AGL said yesterday an oil and gas company had bid a substancial amount for a stake in the PNG joint venture
International interest in liquefied natural gas shows little sign of waning, with AGL Energy's stake in the Exxon Mobil-led LNG project in Papua New Guinea attracting a price well above market expectations.
AGL said yesterday an unnamed "international oil and gas company" had bid $1.1 billion for its 3.6 per cent stake in the PNG joint venture. This compared with market predictions the stake would fetch $900 million.
The sale is the final step in AGL's sell-off of "non-core" assets as it focuses on domestic energy operations. The managing director of AGL, Michael Fraser, described the sale as an "excellent outcome" after Tuesday's agreement to sell its 22 per cent holding in Queensland Gas to BG Group for $1.18 billion.
"Coming on top of the announcements earlier this week in relation to our QGC investment, we now have considerable balance sheet strength and strategic optionality across our retail, merchant, and gas and power development business," Mr Fraser said.
Industry sources said the bidder was unlikely to be a big international player because of the small size of the deal, and the offer could have come from a smaller company in the region with LNG aspirations.
Analysts at Citi recently reported that an Italian energy company, Eni SpA could be interested in the assets. Eni was not available for comment.
Other partners in the PNG project now have a chance to match the offer over the next 30 to 45 days, under a pre-emptive rights agreement. The project operator, Exxon Mobil, has a 41.5 per cent stake, followed by Oil Search, which has 34 per cent.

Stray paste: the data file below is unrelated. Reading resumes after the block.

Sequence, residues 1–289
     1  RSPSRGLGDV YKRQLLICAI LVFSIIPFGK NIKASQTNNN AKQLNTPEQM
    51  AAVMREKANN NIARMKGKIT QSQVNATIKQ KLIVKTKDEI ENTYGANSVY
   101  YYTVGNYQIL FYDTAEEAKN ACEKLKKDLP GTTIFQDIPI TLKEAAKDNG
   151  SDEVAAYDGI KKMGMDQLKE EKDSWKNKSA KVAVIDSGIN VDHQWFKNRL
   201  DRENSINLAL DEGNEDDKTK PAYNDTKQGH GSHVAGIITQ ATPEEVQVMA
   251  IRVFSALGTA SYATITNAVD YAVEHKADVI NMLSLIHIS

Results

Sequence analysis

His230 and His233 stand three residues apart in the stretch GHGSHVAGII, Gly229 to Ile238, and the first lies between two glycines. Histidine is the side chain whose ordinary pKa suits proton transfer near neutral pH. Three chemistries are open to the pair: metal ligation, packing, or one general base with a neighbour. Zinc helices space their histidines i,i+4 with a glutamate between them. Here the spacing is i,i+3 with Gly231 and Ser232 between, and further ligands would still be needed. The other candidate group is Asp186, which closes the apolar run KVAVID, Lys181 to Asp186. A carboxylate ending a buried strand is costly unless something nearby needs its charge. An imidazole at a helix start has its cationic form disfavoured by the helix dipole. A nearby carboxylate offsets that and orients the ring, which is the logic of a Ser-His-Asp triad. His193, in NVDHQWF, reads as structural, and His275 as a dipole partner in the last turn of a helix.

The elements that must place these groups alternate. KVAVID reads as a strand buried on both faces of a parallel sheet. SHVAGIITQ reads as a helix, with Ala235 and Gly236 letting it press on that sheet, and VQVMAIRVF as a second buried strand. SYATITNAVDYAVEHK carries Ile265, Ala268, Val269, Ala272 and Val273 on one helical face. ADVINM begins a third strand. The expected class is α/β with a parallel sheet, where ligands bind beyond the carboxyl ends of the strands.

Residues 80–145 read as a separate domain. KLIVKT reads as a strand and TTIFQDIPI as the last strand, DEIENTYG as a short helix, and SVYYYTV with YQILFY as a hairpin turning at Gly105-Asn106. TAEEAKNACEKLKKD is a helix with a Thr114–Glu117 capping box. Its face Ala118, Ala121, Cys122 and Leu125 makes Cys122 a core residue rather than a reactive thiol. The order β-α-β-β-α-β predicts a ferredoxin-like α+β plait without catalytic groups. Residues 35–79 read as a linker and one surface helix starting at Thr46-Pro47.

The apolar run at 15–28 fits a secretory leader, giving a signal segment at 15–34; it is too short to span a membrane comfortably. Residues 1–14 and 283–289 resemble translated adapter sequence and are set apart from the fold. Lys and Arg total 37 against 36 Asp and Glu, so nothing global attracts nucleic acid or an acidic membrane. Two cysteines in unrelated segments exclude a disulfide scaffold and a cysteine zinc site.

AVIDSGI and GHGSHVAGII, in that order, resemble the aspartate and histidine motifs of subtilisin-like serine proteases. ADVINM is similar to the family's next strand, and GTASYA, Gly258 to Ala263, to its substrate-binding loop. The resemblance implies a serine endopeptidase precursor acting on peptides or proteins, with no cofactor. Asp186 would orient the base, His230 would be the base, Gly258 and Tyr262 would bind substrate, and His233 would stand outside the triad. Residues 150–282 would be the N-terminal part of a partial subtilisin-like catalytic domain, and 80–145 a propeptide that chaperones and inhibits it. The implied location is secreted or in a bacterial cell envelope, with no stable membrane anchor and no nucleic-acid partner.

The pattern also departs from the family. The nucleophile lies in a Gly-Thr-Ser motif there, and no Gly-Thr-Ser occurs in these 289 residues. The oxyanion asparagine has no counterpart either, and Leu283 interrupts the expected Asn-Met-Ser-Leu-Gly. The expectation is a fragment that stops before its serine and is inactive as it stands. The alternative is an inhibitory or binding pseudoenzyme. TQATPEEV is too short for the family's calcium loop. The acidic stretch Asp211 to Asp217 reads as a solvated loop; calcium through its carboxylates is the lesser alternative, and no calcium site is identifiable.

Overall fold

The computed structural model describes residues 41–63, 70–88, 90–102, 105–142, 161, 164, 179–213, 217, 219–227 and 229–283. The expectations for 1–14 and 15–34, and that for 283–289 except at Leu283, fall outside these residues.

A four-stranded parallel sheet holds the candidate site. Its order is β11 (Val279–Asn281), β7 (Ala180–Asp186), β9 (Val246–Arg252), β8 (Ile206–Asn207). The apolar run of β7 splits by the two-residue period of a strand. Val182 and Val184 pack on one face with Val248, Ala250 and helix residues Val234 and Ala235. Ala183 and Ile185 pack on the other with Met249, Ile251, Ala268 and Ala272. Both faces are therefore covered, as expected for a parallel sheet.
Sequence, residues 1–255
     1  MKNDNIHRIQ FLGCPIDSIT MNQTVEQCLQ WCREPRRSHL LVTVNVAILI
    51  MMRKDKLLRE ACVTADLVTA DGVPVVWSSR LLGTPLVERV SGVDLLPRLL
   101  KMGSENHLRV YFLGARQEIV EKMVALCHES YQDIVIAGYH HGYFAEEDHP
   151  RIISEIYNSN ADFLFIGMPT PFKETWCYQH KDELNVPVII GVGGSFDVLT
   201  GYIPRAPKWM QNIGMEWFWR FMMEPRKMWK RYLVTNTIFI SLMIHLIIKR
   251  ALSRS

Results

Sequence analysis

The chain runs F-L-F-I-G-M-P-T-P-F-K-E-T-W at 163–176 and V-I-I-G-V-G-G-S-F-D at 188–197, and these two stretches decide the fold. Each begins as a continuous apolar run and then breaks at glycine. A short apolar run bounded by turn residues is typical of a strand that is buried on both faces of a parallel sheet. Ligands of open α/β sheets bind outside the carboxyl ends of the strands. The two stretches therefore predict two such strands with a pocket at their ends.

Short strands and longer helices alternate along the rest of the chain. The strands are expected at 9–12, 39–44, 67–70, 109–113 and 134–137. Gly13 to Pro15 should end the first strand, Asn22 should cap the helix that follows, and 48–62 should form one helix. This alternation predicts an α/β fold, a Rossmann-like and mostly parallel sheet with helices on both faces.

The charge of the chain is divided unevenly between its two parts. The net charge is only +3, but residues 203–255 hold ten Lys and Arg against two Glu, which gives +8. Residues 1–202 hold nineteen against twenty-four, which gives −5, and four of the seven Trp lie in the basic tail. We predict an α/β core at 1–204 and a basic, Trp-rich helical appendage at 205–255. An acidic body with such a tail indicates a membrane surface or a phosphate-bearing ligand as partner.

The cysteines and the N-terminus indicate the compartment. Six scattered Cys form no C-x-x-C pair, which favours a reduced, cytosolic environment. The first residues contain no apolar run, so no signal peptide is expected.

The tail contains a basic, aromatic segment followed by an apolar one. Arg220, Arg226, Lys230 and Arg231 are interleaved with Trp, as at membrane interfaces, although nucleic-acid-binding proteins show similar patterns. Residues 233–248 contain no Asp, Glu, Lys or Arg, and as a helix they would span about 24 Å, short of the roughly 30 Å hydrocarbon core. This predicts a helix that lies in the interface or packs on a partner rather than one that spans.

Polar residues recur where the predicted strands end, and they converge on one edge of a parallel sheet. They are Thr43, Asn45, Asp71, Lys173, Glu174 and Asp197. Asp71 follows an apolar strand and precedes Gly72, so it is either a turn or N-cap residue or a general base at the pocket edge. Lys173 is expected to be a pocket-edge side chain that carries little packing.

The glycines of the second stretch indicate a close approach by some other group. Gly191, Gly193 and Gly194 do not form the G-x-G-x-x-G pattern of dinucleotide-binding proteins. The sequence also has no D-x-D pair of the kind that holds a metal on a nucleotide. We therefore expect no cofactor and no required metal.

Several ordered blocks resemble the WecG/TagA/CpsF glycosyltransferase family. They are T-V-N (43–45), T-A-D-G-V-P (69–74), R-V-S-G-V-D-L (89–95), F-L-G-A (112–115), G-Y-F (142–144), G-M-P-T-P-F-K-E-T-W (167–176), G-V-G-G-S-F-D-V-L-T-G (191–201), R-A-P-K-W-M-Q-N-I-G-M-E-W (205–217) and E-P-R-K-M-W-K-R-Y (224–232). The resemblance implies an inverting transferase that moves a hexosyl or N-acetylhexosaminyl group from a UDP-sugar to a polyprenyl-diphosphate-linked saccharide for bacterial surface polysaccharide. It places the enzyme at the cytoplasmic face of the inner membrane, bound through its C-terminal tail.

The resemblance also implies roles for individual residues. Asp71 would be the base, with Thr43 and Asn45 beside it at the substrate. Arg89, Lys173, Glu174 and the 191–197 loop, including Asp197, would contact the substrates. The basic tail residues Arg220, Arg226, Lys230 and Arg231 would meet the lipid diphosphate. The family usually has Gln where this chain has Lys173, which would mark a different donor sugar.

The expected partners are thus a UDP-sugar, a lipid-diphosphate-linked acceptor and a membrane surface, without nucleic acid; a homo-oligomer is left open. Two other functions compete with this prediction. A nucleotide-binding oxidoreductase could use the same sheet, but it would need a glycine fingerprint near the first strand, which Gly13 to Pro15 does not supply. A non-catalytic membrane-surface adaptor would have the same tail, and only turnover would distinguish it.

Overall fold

The managing director of Oil Search, Peter Botten, said the price was "reasonably high", but he did not say if the company would exercise its pre-emptive rights. "I think this is a very good price, and it establishes a benchmark for the oil and gas assets in that area," he said. The company would examine the details of the bid and discuss it with project partners, taking a "conservative approach" in its assessment.
An analyst at ABN Amro, Jason Mabee, said market turmoil and oil price falls may have lowered AGL's hopes for the PNG asset. The transaction allows AGL plenty of scope to expand, which could include exercising options to buy gas fields from QGC or NSW electricity retail assets likely to be privatised. "We continue to like the moves that Fraser is making to reshape AGL going forward and this is obviously a fantastic point in the cycle to be sitting on balance sheet capacity," Mr Mabee said.
AGL shares gained 15c, or 1 per cent, to $13.90 and Oil Search shares were up 59c, or 16 per cent, to $4.30.